YouTube has said it will take a “stronger stance against threats and personal attacks” by banning videos that “maliciously insult” people based on their race, gender expression or sexual orientation.
The updated rules will apply to everyone, whether they are a private individual, a YouTube creator or a public official.
The move comes after US journalist Carlos Maza complained about “clearly hurtful” homophobic and racist slurs in June, directed at him by prominent video-maker Steven Crowder.
Google-owned YouTube initially decided not to taken action against the videos, in which Maza’s accent and hand movements were mocked, as well as describing him as a “lispy queer” and a “Mexican gay guy”, before saying it will review its harassment policy.
Six months on from the incident, YouTube has announced a number of changes in an attempt to target “demeaning language that goes too far”.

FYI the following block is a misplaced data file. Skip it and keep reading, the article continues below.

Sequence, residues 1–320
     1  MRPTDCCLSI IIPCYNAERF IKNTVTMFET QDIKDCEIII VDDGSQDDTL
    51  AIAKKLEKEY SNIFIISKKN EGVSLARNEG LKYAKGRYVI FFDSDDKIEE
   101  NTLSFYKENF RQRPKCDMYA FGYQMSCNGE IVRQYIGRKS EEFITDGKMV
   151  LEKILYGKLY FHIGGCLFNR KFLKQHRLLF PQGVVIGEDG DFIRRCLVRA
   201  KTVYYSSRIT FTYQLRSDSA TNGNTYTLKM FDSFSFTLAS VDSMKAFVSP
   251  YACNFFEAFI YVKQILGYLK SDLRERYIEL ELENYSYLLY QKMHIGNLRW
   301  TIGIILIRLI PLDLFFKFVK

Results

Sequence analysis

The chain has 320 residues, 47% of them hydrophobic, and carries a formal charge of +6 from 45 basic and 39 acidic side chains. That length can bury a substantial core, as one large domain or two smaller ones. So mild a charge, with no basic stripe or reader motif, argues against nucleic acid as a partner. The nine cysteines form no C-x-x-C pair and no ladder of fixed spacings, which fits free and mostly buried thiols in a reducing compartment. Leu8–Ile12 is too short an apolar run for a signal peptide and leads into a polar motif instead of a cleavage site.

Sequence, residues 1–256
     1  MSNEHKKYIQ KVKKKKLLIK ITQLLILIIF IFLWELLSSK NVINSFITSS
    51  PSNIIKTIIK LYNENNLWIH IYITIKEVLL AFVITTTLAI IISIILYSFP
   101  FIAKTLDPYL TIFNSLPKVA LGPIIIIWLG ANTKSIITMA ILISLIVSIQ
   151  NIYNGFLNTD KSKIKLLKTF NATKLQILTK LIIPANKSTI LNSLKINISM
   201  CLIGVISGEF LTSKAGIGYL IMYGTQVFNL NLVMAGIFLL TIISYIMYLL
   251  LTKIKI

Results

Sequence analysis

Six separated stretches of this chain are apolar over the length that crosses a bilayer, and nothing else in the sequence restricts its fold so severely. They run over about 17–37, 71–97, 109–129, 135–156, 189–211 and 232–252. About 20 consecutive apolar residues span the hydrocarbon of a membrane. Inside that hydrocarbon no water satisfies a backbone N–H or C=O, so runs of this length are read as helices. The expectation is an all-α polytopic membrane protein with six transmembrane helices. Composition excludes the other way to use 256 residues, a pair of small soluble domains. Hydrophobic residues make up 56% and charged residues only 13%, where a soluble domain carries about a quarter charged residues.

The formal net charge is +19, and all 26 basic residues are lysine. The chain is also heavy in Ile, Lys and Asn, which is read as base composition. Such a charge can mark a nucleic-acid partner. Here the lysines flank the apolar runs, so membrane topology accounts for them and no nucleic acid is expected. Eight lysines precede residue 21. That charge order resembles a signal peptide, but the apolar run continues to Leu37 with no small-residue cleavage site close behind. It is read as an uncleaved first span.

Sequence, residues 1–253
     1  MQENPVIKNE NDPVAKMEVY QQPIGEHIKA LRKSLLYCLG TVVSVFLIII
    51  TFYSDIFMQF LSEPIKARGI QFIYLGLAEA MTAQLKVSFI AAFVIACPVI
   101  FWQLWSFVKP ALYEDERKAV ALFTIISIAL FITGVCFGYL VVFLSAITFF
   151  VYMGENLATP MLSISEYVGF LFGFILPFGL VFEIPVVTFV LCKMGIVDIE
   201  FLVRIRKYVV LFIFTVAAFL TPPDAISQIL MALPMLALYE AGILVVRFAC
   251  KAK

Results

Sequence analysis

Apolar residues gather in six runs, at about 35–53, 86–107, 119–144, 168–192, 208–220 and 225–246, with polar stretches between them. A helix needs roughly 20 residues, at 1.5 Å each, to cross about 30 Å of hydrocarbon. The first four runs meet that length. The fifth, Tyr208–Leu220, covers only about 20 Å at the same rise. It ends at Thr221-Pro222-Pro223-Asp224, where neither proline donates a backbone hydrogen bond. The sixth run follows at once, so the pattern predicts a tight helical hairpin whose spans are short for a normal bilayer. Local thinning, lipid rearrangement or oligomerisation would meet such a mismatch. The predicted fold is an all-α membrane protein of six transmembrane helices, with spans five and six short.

“We will no longer allow content that maliciously insults someone based on protected attributes such as their race, gender expression or sexual orientation,” said Matt Halprin, vice president for global head of trust and safety at YouTube.
The popular video-sharing site has pledged to “go a step further and not only prohibit explicit threats, but also veiled or implied threats”.
“This includes content simulating violence toward an individual or language suggesting physical violence may occur. No individual should be subject to harassment that suggests violence,” he continued.
“As we make these changes, it’s vitally important that YouTube remain a place where people can express a broad range of ideas, and we’ll continue to protect discussion on matters of public interest and artistic expression.”
The decision will not only apply to videos, but also comments.
Channels that repeatedly “brush up” against the new rules face losing their ability to make money on the platform, while content that repeatedly harasses someone may also be taken down.
Continued violations could lead to a channel being removed altogether.